Phalacrocorax carbo (pronounced fal-ah-crow-koh-rack) is the Latin name for the largest of a group of birds that are not well liked: the cormorants. The great cormorant’s Latin name loosely translated means “bald coal-colored crow.” This largest of the cormorant family comes primarily from Europe but is also found on the East Coast of the United States. Originally found in the northern climes of eastern Canada, the great cormorant’s distribution has changed. Not only does this cormorant now spend its winters in New England, but it also has been seen wintering as far south as South Carolina.
Known also as shag, this cormorant used to nest only in far northeastern Canada in this continent. Now there are records of this species nesting in New England, primarily in Maine although there is one record of a pair of great cormorants nesting on the Weekpecket Islands, which are part of the neighboring Elizabeth Islands.
The great cormorant, with a wingspan of 63 inches, is larger than our common double-crested cormorant (wingspan of 52 inches). When perching, which is what both these species do frequently, the great cormorant stands three inches taller than the double-crested cormorant. During the fall, early winter and late spring the identification of these two species is difficult if you don’t see them together.
The adult breeding plumage of the great cormorant is coal black with a white throat and hip patch and yellowish chin or gular pouch. In contrast, the double-crested cormorant is black with a greenish sheen and an orange chin or gular pouch. Sounds easy but it is not. You might notice the great cormorant has a block-shaped head while the double-crested is rounder, but it’s still tough unless the two species are together. Now to make things worse, the immatures are a bit confusing. The great cormorant has a gray neck and breast, followed by a white belly and a slight white patch behind the yellow chin. The double-crested cormorant has an all gray neck, breast and belly. If the light isn’t just right . . . well, you try it.
Normally the great cormorant has left the Vineyard by now to head north to its nesting grounds, which are on cliffs and ledges. However, on June 22, Lanny McDowell was able to take a photo of both great and double-crested cormorants on a rock off the beach at Great Rock Bite in Chilmark. What a great way to learn the differences between these two species.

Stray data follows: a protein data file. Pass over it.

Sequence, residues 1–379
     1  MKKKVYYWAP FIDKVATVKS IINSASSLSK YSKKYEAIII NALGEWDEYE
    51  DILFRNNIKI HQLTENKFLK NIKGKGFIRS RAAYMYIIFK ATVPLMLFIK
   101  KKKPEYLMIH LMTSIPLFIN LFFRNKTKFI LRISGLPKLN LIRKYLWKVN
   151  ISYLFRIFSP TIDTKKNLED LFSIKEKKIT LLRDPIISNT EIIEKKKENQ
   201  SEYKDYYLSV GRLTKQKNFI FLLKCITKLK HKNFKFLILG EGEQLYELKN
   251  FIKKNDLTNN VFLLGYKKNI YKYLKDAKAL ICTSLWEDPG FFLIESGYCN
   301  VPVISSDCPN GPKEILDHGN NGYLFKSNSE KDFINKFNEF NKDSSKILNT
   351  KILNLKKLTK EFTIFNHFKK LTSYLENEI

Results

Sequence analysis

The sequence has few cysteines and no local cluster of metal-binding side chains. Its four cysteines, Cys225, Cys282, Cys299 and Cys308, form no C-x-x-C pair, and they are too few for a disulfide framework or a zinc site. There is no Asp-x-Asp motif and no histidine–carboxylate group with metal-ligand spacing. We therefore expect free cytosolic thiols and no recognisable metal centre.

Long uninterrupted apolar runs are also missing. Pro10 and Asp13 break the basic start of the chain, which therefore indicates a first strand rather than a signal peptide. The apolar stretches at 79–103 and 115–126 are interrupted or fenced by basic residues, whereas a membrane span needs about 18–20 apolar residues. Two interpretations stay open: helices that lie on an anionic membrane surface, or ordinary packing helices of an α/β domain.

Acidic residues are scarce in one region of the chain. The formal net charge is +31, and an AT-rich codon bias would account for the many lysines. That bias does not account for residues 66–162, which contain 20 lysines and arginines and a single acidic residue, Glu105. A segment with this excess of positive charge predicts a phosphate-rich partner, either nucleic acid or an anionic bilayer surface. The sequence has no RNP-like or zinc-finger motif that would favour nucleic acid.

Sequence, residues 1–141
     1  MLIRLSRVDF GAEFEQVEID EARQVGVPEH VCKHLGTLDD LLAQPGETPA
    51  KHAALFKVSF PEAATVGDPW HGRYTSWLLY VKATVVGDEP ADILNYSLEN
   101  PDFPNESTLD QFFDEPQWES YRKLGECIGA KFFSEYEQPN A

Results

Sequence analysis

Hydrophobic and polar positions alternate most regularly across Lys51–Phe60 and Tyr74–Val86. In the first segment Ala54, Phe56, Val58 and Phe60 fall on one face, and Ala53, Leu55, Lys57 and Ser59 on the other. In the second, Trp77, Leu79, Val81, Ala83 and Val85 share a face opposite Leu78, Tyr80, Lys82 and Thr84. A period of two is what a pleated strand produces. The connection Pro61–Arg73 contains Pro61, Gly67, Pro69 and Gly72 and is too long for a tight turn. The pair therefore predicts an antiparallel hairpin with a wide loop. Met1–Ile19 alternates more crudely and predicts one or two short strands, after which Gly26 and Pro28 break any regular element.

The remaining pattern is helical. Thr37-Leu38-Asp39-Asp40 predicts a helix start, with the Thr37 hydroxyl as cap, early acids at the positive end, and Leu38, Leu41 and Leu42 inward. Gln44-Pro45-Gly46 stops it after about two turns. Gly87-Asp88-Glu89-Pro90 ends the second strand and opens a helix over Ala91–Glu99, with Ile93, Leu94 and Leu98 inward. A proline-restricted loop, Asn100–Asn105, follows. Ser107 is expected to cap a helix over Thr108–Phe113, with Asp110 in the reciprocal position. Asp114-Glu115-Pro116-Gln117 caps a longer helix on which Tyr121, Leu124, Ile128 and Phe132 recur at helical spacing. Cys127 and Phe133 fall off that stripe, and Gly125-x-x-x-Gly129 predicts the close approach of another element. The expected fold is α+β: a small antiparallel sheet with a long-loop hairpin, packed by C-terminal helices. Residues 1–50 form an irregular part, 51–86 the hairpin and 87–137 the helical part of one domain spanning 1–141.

The reason cormorants are not particularly well liked stems from this bird’s voracious appetite for fish. An efficient fisherman, the cormorants use their totipalmate (webbed between all four toes) feet for propulsion and squeeze their wings tightly against their bodies. They can swiftly dive to 10 feet and as deep as 30 feet in pursuit of prey. Often feeding with a flock of other cormorants, these birds can wipe out a school of fish in jig time. The fish consumed include haddock, cod, flounder, herring, bluefish, bass and an occasional eel or two. So if you were a fisherman or an osprey, would you like to compete with a flock of cormorants?
The best way to see one of the cormorant species is to find a jetty or rock pile where the birds are out and hanging their wings out to dry. The cormorant’s feathers are easily waterlogged, which helps them sink low in the water so they can stick their heads underwater to spy fish. However, once done fishing, the cormorants do not swim around; they get out to dry their wings.
Cormorants are long-lived species and can live between eight and 13 years, with one record of a 23 year old! They are attentive parents as both feed the chicks, and in hot weather they actually fill their gular pouches and crops with water and give their nestlings a shower to cool them off!
Flip Harrington and I spotted our first great blue heron of the season on Big Sandy in Tisbury Great Pond on June 24.
Tara Whiting was awakened by a belted kingfisher that brought her a small fish for breakfast. The kingfisher perched on the porch railing just five feet from her bedroom window on Tisbury Great Pond on June 24. Next door we had heard the kingfisher but had not seen it or been offered a fish!
Sarah Mayhew has attracted quite a menagerie of birds at her West Tisbury hummingbird feeder in the last 10 days: a ruby-throated hummingbird, a Baltimore oriole, a gray catbird, and, of all things, a downy woodpecker. Must be a good mix!
Karen Stanley heard a whippoorwill calling behind the youth hostel in West Tisbury during the last three weeks.
Portlandica plumage common and least terns were still being seen and photographed by Jeff Bernier and Lanny McDowell at Norton Point last week.
Patrick Mitchell called to report seeing an American woodcock on North Slope Lane in Chilmark, not once but twice last week.
Dick Jennings, while surveying the osprey pole on Oyster Pond Road, watched an American woodcock cross the road on June 21 — no doubt to get to the other side!
Jonathan Mayhew called last week saying he was observing a strange black bird with a heavy orangish bill. I suggested several options and Jonathan didn’t agree. Then I saw an email from Lanny McDowell saying that a tufted puffin (a West Coast puffin) had been seen for the first time in years on the East Coast in the Bay of Fundy. Flip Harrington and I took his boat up into Clam Cove and around Quitsa and Menemsha Pond, but never found the bird. We will never know!
Please report your bird sightings to firstname.lastname@example.org.
Susan B. Whiting is the co-author of Vineyard Birds and Vineyard Birds II. Her website is vineyardbirds2.com.